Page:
Diary of an FY1

[box]Anju Phoolchund shows us her optimistic side[/box]

It’s six months to the end of FY1 – where did the time go?  I have not improved my knowledge of medicine sufficiently to become the on call SHO in half a year.  Worrying.  At the same time, I’ve finally come out of the panic-stricken zone of “oh my god I’m going to kill someone, I’m the world’s worst FY1” to learn to appreciate some of the wonderful things about working.  After all, we spend five or six years in a whirl of lectures, exams, trailing behind ward rounds and standing in the corner of the operating theatre, and all we want is to have the title “doctor”.  Finally here I am, and although it’s a bit of a madhouse and undeniably stressful at times, there is something amazing about it.

The nicest part by far about work is the continuity of care that four months of day in, day out on a ward offers.  It takes about 3 days to get to know all the patients on a 30-bed ward, and after that it all becomes familiar and friendly.  Possibly the best part of this is when the patient’s eyes light up a little when they see you as they recognise the junior doctor who took blood yesterday, came to prescribe some fluids or explain the scan results.  On my particular liver ward, FY1s do the ultrasound guided paracentesis for ascitic fluid, which offers huge symptom relief for the poor distended abdomen.  This makes us little “houseplants” (as my reg calls us) very popular amongst that group of patients!

There is also something very approachable about FY1s in general.  Most patients will only see the registrar and consultant once a day at the main ward round, and the rest of the day any knowledge of tests, scans or results comes via the wandering FY1.  We also offer the opportunity for them to ask any questions, or just voice their fears about being in hospital to someone who looks about the same age as their own children.  Last week I spent twenty minutes with a gentleman whom I’d simply gone to take bloods, but who was desperately afraid that he was going to die in hospital, and had just not been able to express these to anyone because he was trapped alone in a side-room.  The way he shook my hand and said “you’re a good girl now, thank you” before I left clutching my sharps bin said it all, and made that day a little less rubbish.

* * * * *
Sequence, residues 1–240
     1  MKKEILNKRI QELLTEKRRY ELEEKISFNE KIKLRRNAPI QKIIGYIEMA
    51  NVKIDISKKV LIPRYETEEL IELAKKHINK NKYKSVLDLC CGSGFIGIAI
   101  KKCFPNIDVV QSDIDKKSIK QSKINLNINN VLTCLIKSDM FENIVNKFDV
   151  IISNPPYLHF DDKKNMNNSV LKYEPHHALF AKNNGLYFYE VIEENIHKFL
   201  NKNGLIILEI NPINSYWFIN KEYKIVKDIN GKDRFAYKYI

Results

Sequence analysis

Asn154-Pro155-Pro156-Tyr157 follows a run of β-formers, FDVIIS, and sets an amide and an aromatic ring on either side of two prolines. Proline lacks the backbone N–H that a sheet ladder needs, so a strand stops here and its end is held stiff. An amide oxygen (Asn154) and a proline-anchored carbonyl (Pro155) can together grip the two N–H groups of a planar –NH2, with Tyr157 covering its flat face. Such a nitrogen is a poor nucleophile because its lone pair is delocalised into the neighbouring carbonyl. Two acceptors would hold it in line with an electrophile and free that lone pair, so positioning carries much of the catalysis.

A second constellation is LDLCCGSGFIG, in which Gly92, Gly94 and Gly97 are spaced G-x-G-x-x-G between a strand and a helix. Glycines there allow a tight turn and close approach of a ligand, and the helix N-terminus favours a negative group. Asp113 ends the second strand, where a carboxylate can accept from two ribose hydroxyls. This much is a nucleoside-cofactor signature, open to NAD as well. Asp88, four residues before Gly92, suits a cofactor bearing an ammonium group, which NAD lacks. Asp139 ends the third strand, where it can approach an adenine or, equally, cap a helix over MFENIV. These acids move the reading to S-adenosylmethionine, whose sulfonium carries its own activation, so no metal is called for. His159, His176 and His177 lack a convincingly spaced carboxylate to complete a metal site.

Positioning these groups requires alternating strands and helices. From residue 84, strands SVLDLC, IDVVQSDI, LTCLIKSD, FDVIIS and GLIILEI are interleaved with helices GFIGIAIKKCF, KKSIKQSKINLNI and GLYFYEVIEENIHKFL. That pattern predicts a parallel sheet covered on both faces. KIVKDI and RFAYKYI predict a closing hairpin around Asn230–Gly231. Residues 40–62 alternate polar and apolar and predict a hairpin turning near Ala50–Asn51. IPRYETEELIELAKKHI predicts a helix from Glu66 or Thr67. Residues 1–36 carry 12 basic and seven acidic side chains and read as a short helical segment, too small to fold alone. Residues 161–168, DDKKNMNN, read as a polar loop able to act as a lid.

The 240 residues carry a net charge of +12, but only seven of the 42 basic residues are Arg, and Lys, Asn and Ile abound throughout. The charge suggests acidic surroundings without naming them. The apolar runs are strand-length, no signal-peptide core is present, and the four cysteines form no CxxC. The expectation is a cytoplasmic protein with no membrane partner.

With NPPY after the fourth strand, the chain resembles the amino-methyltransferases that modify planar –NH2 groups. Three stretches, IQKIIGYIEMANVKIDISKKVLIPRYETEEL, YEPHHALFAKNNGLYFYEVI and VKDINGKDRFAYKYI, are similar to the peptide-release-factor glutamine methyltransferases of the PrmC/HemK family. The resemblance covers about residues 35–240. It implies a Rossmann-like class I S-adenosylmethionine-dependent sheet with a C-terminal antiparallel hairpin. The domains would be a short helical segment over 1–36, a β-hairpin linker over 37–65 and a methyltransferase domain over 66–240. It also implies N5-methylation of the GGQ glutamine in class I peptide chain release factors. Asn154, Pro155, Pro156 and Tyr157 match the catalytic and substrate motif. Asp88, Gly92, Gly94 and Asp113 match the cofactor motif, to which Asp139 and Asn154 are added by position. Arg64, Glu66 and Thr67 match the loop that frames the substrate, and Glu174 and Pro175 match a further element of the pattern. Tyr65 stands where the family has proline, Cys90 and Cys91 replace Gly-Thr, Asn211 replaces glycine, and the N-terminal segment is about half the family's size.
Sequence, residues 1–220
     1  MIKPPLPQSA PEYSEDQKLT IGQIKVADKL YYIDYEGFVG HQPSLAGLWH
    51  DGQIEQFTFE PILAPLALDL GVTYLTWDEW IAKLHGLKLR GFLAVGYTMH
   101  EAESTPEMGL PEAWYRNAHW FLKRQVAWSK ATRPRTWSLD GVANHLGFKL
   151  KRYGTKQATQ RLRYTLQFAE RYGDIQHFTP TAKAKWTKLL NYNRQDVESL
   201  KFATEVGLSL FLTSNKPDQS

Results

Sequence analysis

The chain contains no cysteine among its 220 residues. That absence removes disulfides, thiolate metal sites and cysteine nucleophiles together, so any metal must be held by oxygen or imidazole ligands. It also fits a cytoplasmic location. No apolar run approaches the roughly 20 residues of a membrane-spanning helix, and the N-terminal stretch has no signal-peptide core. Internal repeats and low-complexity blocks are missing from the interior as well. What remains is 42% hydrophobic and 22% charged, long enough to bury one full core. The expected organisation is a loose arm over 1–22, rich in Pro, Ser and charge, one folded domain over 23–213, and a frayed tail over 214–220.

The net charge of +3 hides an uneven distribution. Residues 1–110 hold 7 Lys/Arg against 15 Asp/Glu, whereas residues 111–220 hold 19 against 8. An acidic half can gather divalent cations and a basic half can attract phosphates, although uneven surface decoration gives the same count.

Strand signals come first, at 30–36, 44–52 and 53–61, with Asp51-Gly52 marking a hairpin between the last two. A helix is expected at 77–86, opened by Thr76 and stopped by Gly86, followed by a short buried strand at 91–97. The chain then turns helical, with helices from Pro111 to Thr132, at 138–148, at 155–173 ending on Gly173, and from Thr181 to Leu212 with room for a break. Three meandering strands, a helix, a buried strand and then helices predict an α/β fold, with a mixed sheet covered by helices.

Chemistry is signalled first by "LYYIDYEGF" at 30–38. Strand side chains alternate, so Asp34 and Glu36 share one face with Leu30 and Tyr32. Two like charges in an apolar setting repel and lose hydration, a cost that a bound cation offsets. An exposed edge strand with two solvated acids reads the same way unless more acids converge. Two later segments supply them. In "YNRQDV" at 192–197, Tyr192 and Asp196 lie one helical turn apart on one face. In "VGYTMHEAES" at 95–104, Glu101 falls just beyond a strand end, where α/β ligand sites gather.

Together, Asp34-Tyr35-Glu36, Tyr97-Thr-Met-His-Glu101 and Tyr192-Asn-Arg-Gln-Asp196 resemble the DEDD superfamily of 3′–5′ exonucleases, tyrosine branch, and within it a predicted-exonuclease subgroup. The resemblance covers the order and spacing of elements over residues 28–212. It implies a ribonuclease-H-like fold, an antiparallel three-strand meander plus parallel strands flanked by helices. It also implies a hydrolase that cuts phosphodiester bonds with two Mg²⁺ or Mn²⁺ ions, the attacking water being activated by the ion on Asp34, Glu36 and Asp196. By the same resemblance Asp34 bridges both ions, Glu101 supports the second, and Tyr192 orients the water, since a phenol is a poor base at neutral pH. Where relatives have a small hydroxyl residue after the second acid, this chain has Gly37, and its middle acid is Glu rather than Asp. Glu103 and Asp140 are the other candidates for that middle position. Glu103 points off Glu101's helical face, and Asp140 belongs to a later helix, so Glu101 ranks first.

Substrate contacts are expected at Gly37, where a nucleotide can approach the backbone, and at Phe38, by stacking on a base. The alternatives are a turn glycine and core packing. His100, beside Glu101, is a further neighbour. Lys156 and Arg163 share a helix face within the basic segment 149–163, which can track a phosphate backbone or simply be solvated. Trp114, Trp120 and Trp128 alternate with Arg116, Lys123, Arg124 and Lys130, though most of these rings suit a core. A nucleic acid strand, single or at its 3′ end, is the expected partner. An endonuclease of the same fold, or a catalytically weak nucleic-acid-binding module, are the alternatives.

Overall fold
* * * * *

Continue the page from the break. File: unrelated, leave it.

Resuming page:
Other nice things about working as a junior doctor:  being part of a real team.  At medical school, no matter how amazing the firm is, you’re never 100% part of the team, as there’s always going to be a tutorial/uni lectures to drag you away, as well as the relatively short duration of firms.  Once at work, even if FY1s are very much the most junior members, it’s nice to be part of something bigger.  Partly for the satisfaction of having achieved something by the end of the week, and partly for the relationships between different members of the team, particularly between FY1s on the same job.  Slowly everyone becomes friends, and that makes a huge difference to how boring or how entertaining a difficult day becomes.  You learn to work with all kinds of people, and those communication skills courses at medical school make sense (or what you remember of them anyway).

This is starting to remind me of medical school interviews, when one lists the reasons “why study medicine”.  The statement “don’t do it for the money” is very true, as you would get paid a hell of a lot more to be a banker/work in management.  However the rather cliché answer “to help people” has more to it than we give it credit for even for the little houseplant, as long as we realise that helping people can mean small things like adequate pain relief rather than life-saving surgery.

I have no intention of sugar coating FY1 year, or hospital medicine as a whole.  There have been plenty of tears over the last six months, days when an off sick FY1 or two means I get to carry three people’s workload, entire shifts without lunchbreaks, weeks where I struggle to find time to wash my hair properly, never mind have a life outside work.  It’s stressful, frustrating, there are angry patients, demanding consultants and unhelpful work colleagues.  But I think I’m in too deep to dig myself out now to be honest.  And no matter what anyone says, it’s never boring, and no two days are ever quite the same in hospital medicine.  .

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